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Hastings' Dictionary of the Bible
WATER . The scarcity of water in the East lends it a special value. Its presence in some form is essential to life. The fruitfulness of the land depends on the quantity available for watering. The Jordan, with its great springs, is too low for the irrigation of anything but the valley. There are many fountains in Palestine, but most fail in summer. The average annual rainfall approaches 30 inches. But this is confined to the months from April till October; and the water would rush down the slopes to the sea, were it not caught and stored for future use. The limestone formation, with its many caves, made easy the construction of cisterns and reservoirs to collect the rain water: thence supplies were drawn as required during the dry months. Wherever water is found, there is greenery and beauty all through the year.
In the Maritime Plain plentiful supplies of water are found on digging (Genesis 26:13 ff.). To fill up the wells would make the district uninhabitable. Invading armies were at times reduced to sore straits by the stopping of wells ( 2 Kings 3:19; 2 Kings 3:25 ), or diversion and concealment of the stream from a fountain ( 2 Chronicles 32:3 f.).
The earliest use of water was doubtless to allay the thirst of man and beast. Refusal of drink to a thirsty man would be universally condemned (Genesis 24:17 f., John 4:7 ). It is held a meritorious act to set a vessel of water by the wayside for the refreshment of the wayfarer. The same right does not extend to flocks ( Genesis 24:19 f.), for which water must often be purchased. Use and wont have established certain regulations for the watering of animals, infringement of which frequently causes strife ( Genesis 29:2 ff., Exodus 2:16 ff.; cf. Genesis 26:20 etc.). The art of irrigation (wh. see) was employed in ancient days ( Psalms 1:3; Psalms 65:10 , Ezekiel 17:7 etc.), and reached its fullest development in the Roman period. To this time also belong many ruins of massive aqueducts, leading water to the cities from distant sources.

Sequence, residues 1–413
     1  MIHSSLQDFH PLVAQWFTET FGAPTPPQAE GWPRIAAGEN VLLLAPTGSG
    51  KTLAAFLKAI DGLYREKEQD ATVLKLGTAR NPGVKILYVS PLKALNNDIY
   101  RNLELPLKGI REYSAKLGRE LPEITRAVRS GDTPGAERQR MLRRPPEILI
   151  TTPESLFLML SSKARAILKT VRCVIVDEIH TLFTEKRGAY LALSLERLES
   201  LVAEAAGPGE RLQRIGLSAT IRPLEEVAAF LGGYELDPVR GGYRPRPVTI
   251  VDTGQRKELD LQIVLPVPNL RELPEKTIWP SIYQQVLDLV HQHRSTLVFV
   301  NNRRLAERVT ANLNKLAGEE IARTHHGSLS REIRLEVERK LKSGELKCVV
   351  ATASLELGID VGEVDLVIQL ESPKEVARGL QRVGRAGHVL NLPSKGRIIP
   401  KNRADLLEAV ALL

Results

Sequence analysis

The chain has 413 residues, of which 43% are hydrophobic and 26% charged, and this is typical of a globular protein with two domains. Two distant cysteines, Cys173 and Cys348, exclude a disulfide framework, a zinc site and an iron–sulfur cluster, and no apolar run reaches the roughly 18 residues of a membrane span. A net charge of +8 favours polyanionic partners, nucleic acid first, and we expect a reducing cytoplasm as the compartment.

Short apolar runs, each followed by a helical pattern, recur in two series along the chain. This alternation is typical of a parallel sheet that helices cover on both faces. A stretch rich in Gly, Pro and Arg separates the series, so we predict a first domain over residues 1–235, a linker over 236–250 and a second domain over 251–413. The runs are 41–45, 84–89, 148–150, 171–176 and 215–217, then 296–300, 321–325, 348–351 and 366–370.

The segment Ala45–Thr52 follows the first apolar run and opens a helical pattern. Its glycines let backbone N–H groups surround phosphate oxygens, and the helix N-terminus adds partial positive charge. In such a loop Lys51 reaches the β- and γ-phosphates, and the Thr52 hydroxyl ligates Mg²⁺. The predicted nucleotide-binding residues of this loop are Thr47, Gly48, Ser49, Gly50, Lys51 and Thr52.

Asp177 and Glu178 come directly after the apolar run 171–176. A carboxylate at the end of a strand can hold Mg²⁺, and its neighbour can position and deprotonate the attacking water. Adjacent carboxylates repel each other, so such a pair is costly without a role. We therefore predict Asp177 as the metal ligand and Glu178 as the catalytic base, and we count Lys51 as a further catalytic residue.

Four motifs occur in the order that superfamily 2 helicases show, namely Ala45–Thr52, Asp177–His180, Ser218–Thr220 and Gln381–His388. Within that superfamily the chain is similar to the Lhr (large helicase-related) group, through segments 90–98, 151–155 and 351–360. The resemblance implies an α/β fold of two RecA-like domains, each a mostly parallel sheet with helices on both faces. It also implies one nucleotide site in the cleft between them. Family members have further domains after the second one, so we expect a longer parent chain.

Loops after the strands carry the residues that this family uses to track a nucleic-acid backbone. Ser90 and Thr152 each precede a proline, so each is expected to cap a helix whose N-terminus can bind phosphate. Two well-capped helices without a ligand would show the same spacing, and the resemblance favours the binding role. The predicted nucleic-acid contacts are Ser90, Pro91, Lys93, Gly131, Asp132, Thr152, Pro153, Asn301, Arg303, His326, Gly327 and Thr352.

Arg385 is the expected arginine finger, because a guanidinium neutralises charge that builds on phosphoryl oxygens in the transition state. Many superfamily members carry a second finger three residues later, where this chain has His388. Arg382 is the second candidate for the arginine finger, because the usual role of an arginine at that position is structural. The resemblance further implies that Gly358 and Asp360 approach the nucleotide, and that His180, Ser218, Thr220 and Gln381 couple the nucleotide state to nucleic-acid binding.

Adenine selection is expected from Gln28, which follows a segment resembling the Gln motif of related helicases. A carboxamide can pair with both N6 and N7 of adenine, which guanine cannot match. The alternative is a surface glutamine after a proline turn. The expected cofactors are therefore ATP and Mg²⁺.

Cisterns and springs are not common property. Every considerable house has a cistern for rain water from roof and adjoining areas. Importance is attached to plunging in the buckets by which the water is drawn up, this preventing stagnation. The springs, and cisterns made in the open country, are the property of the local family or tribe, from whom water, if required in any quantity, must be bought. The mouth of the well is usually covered with a great stone. Drawing of water for domestic purposes is almost exclusively the work of women ( Genesis 24:11 , John 4:7 etc.). In crossing the desert, water is carried in ‘bottles’ of skin ( Genesis 21:14 ).
The ‘living,’ i.e. ‘flowing’ water of the spring is greatly preferred to the ‘dead’ water of the cistern, and it stands frequently for the vitalizing Influences of God’s grace ( Jeremiah 2:13 , Zechariah 14:3 , John 4:10 etc.). Many Scripture references show how the cool, refreshing, fertilizing qualities of water are prized in a thirsty land ( Proverbs 25:26 , Isaiah 44:14 , Jeremiah 17:8 , Luke 16:24 etc.). Water is furnished to wash the feet and hands of a guest ( Luke 7:44 ). To pour water on the hands is the office of a servant ( 2 Kings 3:11 ). The sudden spates of the rainy season are the symbol of danger ( Psalms 18:16; Psalms 32:6 , Isaiah 28:17 etc.), and their swift passing symbolizes life’s transiency ( Job 11:18 , Psalms 58:7 ). Water is also the symbol of weakness and Instability ( Genesis 49:4 , Ezekiel 21:7 etc.). Cf. City; Jerusalem, I. 4. For ‘Water-gate’ see Nethinim, p. 654 a .
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Hastings, James. Entry for 'Water'. Hastings' Dictionary of the Bible. https://www.studylight.org/dictionaries/eng/hdb/w/water.html. 1909.
the Week of Proper 23 / Ordinary 28